Atropine is a natural alkaloid anticholinergic agent that has potent antimuscarinic effects and is used by injection to treat symptomatic bradycardia, severe bronchospasm and to reduce vagal stimulation. Atropine has not been implicated in causing liver enzyme elevations or clinically apparent acute liver injury.
Atropine (at' roe peen) is a natural alkaloid that is the prototypic anticholinergic agent found as a secondary metabolite in plants of the Solanaceae family, including deadly nightshade (Atropa belladonna) for which it is named. Atropine has potent and broad, nonspecific antimuscarinic activity. Because of its rapid onset of action and short half-life, atropine is used parenterally in management of medical emergencies including cardiac bradyarrhythmias, during anesthesia to prevent vagal reflexes and to decrease secretions, for acute bronchospasm, and for anticholinesterase overdose or poisoning. Oral formulations of atropine are present in many over the counter and combination products used for allergic rhinitis and symptoms of peptic ulcer disease. Atropine has been in use in medicine for decades, but has not been formally approved for many of its broadly accepted indications. Atropine is used in low doses (1 mg or less) and usually for short periods of time. Homatropine (hoe mat' roe peen) is a synthetic derivative of atropine and is less potent and has a shorter half-life, which makes it appropriate as a cycloplegic eye drops to dilate the pupils. It is also used in combination with opiate drugs for its aversive side effects to prevent abuse of high doses. Common side effects of atropine are those of parasympathetic stimulation and include dryness of the mouth and eyes, decreased sweating, hyperthermia, headache, visual blurring, constipation, urinary retention, impotence, tachycardia and palpitations, anxiety, restlessness and in some instances agitation and hallucinations. Anticholinergic agents can precipitate acute narrow angle glaucoma and acute urinary retention.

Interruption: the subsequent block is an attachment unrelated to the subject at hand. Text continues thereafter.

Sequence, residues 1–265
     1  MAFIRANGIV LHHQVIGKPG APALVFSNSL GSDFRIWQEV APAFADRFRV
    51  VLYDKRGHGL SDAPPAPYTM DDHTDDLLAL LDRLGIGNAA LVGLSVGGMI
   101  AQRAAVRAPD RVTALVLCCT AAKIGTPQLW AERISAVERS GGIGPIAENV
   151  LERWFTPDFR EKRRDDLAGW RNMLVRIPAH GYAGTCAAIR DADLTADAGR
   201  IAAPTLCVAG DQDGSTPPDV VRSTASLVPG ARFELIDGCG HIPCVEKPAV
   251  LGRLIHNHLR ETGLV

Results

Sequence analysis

Despite widespread use over many decades, atropine has not been linked convincingly to episodes of liver enzyme elevations or clinically apparent liver injury. Atropine is metabolized by the liver, but is usually given in low doses (<1 mg) for short periods only.
Likelihood score: E (unlikely cause of clinically apparent liver injury).
References on the safety and potential hepatotoxicity of anticholinergics are given together after the Overview section on the Anticholinergic Agents.
Drug Class: Anticholinergic Agents
Atropine – Generic
Homatropine – Generic
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